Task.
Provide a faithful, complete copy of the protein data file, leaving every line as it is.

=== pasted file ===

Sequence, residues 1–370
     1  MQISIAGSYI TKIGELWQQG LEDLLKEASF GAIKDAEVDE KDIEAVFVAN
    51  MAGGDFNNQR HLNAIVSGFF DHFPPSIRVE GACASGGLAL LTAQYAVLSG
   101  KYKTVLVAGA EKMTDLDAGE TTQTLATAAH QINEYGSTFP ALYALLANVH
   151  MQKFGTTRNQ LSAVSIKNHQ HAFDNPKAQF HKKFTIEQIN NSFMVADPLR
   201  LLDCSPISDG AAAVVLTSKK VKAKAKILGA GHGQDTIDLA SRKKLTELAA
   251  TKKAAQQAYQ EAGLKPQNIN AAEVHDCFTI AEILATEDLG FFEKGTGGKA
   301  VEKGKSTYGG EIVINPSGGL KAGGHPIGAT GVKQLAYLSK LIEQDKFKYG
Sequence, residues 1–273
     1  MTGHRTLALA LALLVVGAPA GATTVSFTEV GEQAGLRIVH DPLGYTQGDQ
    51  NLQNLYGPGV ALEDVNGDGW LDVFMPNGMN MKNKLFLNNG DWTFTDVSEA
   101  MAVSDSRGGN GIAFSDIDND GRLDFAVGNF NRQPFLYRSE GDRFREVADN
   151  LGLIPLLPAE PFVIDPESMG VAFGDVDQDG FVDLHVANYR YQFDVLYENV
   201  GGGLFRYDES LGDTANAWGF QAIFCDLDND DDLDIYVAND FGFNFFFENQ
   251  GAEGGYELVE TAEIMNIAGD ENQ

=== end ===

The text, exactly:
Sequence, residues 1–370
     1  MQISIAGSYI TKIGELWQQG LEDLLKEASF GAIKDAEVDE KDIEAVFVAN
    51  MAGGDFNNQR HLNAIVSGFF DHFPPSIRVE GACASGGLAL LTAQYAVLSG
   101  KYKTVLVAGA EKMTDLDAGE TTQTLATAAH QINEYGSTFP ALYALLANVH
   151  MQKFGTTRNQ LSAVSIKNHQ HAFDNPKAQF HKKFTIEQIN NSFMVADPLR
   201  LLDCSPISDG AAAVVLTSKK VKAKAKILGA GHGQDTIDLA SRKKLTELAA
   251  TKKAAQQAYQ EAGLKPQNIN AAEVHDCFTI AEILATEDLG FFEKGTGGKA
   301  VEKGKSTYGG EIVINPSGGL KAGGHPIGAT GVKQLAYLSK LIEQDKFKYG
Sequence, residues 1–273
     1  MTGHRTLALA LALLVVGAPA GATTVSFTEV GEQAGLRIVH DPLGYTQGDQ
    51  NLQNLYGPGV ALEDVNGDGW LDVFMPNGMN MKNKLFLNNG DWTFTDVSEA
   101  MAVSDSRGGN GIAFSDIDND GRLDFAVGNF NRQPFLYRSE GDRFREVADN
   151  LGLIPLLPAE PFVIDPESMG VAFGDVDQDG FVDLHVANYR YQFDVLYENV
   201  GGGLFRYDES LGDTANAWGF QAIFCDLDND DDLDIYVAND FGFNFFFENQ
   251  GAEGGYELVE TAEIMNIAGD ENQ